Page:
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I bought a home in 2007. There were quite a few surprises, since the home-buying process and mortgage paperwork is anything but straightforward.
One of the biggest surprises, though, was how long it took.
Because of my good credit and modest tastes relative to my income, I expected things to move along quickly. I never thought to ask, “How long does it take to buy a house?” Unfortunately, the mortgage closing process took more than a month.
Some home sales take even longer, though. When I sold that home in 2014, the buyers ended up needing 10 weeks from the time we signed the contract until we could close.
There’s a lot that goes into buying a home with a mortgage, and that means that it can take as long as three months — or more — to complete the process of buying a house from beginning to end. Here’s what to expect.
Review and improve your credit: two to three months
Your credit is a major factor when it comes to buying a home. Before you even begin the mortgage process, it makes sense to check your credit report.
According to a study released by the FTC, one in five consumers had an error on a credit report. Additionally, five percent of consumers had an error that could impact their loan terms.
If you need to dispute a negative item on your credit report or simply want to improve how you look on paper, it can take eight to 12 weeks. If you’re trying to build your credit from scratch, it can take even longer.
Mortgage pre-approval: three weeks
Whether you’re buying your first home or are a seasoned veteran, you need a mortgage pre-approval. To get one, you are required to submit detailed information about your financial situation. The lender uses this information to decide how much you can borrow, and often, what interest rate you can expect.
This process can be as quick as two or three days or can take more than a month, depending on how quickly the lender works and how complete your documentation is.
Find your house: one month
Once the preliminaries are out of the way, you can start the hunt.
You get to decide how long you spend looking for your dream home, but you can speed things up by enlisting the help of a real estate agent. A good agent will work with you to identify neighborhoods and homes that meet your needs and wants while fitting your budget.
When I bought my house, I searched all day, every day, for two weeks and found what we wanted in that time frame. However, for many people, the house-hunting stage lasts about a month.
Make an offer: one week
Now that you’ve found what you’re looking for, it’s time to put in an offer on the house.
It’s important to understand that this stage is not just about making the offer — it’s about agreeing on a price. The seller might make a counter-offer, and you could go back and forth dickering over the final price for days. (Just hope you don’t end up in a bidding war!)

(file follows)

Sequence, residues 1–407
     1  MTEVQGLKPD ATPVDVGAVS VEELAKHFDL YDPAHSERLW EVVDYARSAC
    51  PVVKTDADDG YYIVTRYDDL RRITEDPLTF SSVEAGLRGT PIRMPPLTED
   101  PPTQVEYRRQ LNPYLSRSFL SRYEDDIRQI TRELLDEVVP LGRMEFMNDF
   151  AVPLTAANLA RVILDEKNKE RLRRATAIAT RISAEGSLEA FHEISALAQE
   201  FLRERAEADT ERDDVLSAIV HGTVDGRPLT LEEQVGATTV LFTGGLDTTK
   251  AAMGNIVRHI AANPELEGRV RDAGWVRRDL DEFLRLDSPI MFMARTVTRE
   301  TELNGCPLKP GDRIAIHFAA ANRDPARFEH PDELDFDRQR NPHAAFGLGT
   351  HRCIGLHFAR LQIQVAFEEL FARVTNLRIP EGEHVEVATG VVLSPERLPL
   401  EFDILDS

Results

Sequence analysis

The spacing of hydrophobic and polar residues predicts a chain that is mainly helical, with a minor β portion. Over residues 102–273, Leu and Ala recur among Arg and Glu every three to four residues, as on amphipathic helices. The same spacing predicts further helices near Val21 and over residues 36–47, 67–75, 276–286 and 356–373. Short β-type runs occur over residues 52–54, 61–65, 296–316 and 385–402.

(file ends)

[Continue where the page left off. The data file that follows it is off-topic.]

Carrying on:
You must also agree on what’s included in the price. Do you insist on a flooring allowance to deal with the threadbare carpet? Are there major structural issues that need to be addressed? If so, include appropriate stipulations in your offer.
Once all’s said and done, a week might go by before you actually sign the offer papers.
Close on the home: one month
It’s not over just because the seller accepted your offer. Now you go through the closing process.
The lender reviews your paperwork — again. A home inspection and title check must be completed. If anything goes wrong, the deal can still fall through.
Make sure you’re ready, too: Sometimes the closing date is announced only a day or two ahead of the transaction, and you could be scrambling to get the money you need.
When answering the question, “How long does it take to buy a house?” there might be special situations that lengthen the process. Because I was self-employed when I bought my house, for example, I was required to submit to an income audit. That took three weeks.
You might also be surprised to discover that being asset-rich doesn’t really help you much. Lenders are more interested in your monthly income than whether or not you have enough cash in the bank to pay off the mortgage.
If you want to borrow despite being asset-rich, the lender may ask you to jump through extra hoops, lengthening the process further.
If you have a special case, talk to the mortgage broker ahead of time to see if you can figure out how much time it will add to the process.
So, how long does it take to buy a house?
As with all things personal finance, the exact timing depends on your situation.
For those who already have a handle on their credit situation, it usually takes about three months to complete the process of buying a house. If you need to fix your credit first, plan for it to take five or six months.
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